Wednesday, October 10, 2012

Uzbekistan, Turkmenistan and Beijing

Apologies for the lateness of the blog updates. In Turkmenistan internet access was difficult, in China my blog site was blocked and in North Korea there was no internet access at all! So I will start from where I left off in Uzbekistan....

After leaving Bukhara we had a long day drive to Khiva on the most ridiculously bumpy road (I seem to be saying that a lot on this trip!), which was filled with massive trucks carrying pipes for a gas pipe line being built alongside. The whole drive was through barren desert, flat and dry. Khiva is an ancient walled town with similar architecture to Samarkand and Bukhara.

Main road with pipe-trucks attempting to overtake each other, made for interesting driving!

Khiva, view from the top of city wall

Melons - cant get enough of them in this part of the world

The Olympic brand is reaching far and wide with branded toilet paper in Uzbekistan

Entrance to Khiva with our hotel and truck in the background
From Khiva we had a short drive to the border with Turkmenistan. The border was heavily guarded with a wide section of no-mans land with a carefully raked section of sand (to detect footprints) and several sets of barbed wire fences. The whole crossing process took about 4 and a half hours, mainly due to the border guards having an hour lunch break half way through processing our visas! There were many local people walking across the border carrying various things including massive carpets and huge bottles of beer. We met our Turkmen guide, Murat, who is a friendly guy who, in his own words, "loves football more than women"! We had a bush camp in the desert, with a slight panic on my part as someone pointed out to me that tarantulas were listed as being indigenous to Turkmenistan...anyone who knows me knows this would cause me great distress! Thankfully they are rarely seen, and I didn't see anything more creepy-crawly than a small yellow scorpion.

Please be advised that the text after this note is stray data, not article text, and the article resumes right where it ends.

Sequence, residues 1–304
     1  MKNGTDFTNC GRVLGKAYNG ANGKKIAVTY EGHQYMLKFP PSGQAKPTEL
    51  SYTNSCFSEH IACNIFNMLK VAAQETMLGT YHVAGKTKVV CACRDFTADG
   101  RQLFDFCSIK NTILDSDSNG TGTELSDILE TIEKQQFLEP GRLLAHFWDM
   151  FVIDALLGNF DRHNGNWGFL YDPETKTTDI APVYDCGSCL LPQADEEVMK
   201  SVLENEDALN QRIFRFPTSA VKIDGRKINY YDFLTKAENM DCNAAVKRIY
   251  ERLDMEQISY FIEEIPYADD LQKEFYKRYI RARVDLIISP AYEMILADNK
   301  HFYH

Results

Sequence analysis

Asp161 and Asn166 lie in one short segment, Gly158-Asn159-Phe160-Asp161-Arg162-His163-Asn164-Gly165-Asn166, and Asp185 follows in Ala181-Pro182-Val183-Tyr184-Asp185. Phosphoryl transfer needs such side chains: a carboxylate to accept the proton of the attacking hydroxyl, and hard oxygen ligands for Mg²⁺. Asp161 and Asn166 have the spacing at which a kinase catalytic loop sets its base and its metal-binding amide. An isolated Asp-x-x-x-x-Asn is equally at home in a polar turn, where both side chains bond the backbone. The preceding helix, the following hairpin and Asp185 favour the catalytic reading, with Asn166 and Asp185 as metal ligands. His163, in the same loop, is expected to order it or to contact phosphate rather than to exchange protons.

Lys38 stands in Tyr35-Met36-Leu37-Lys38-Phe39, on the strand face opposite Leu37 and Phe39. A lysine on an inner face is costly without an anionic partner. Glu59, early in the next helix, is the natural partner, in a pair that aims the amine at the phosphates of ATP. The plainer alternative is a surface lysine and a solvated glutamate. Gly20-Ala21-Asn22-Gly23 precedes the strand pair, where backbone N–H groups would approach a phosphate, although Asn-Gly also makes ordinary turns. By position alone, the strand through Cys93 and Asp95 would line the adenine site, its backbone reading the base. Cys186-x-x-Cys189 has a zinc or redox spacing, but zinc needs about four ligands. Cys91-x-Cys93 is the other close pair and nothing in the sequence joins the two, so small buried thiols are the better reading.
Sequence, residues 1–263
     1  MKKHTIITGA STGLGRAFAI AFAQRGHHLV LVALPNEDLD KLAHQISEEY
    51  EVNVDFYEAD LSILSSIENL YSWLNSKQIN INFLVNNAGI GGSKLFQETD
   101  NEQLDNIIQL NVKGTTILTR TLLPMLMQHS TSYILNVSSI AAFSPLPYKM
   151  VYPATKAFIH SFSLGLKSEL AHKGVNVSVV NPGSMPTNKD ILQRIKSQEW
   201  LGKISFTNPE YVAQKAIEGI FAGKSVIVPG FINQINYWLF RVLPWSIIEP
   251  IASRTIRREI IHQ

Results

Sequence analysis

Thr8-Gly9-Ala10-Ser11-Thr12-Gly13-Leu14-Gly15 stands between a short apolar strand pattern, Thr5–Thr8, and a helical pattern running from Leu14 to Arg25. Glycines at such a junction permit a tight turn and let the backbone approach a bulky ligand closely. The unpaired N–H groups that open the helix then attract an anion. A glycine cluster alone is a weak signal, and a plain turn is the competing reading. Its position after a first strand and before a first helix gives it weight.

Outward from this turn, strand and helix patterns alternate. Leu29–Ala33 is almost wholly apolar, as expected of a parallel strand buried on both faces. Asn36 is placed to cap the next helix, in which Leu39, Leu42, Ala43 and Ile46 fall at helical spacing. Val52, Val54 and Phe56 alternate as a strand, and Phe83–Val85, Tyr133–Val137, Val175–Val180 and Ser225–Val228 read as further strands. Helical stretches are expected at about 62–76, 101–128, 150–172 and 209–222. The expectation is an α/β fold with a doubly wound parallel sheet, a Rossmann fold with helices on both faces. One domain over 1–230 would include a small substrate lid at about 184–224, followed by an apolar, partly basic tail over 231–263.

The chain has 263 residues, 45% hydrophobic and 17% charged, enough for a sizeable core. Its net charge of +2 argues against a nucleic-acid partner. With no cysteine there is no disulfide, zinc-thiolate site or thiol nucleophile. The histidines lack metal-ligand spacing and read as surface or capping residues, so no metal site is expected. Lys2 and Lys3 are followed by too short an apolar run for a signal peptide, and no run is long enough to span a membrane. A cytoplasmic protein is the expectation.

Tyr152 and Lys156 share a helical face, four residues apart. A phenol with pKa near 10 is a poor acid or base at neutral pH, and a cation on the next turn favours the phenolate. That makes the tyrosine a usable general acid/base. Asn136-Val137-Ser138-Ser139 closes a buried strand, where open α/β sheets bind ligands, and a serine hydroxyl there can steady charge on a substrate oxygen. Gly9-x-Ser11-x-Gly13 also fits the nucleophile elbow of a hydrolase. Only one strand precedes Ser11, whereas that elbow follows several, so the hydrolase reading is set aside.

The roads are so bad we drive slow enough for a man on horseback to pass us!

Dinner around the campfire (fire necessary to keep away the spiders)
At our second camp in the desert our camp was located near a massive gas crater which is constantly on fire. It was left over from Soviet gas explorations in 1971 when the drilling rig collapsed and the crater caught fire and it has been blazing ever since, despite efforts to extinguish it a few years ago. Its one of the most crazy things I have ever seen...we went to see it at night by 4WDs from our camp. Its just this massive blazing hole, about 70m across. We were able to get up close (health and safety nearly non-existent in this part of the world!), and the heat and wind generated by it was incredible. We also visited two other craters of similar size the next day, one bubbling mud, the other filled with bubbling water.

Posing in the desert sunset with our camp in the background

Camels on the skyline above my tent
The sun sets in the west

Giant gas crater - you can see the scale of it with the people standing on the far edge

Crater from a distance and head torches in the foreground!

Bubbling mud crater
Turkmenistan looks similar to Uzbekistan, both the countryside (mostly dry desert-like landscape) and the people. Turkmenistan has a great wealth of oil and gas resources (even though some are burning out of control!). The local people are given free gas at home, an allotment of electricty per month and 120 litres of petrol a month (extra petrol is then available at 20cents (US) per litre).